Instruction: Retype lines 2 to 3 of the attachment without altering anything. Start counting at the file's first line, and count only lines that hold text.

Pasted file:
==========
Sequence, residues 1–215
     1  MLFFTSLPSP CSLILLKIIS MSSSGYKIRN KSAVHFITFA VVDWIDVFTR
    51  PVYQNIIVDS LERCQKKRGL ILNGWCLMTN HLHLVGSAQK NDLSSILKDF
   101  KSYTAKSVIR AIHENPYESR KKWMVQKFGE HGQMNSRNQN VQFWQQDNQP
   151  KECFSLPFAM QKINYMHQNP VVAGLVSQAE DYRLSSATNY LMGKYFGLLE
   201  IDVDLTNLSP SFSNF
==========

     1  MLFFTSLPSP CSLILLKIIS MSSSGYKIRN KSAVHFITFA VVDWIDVFTR
    51  PVYQNIIVDS LERCQKKRGL ILNGWCLMTN HLHLVGSAQK NDLSSILKDF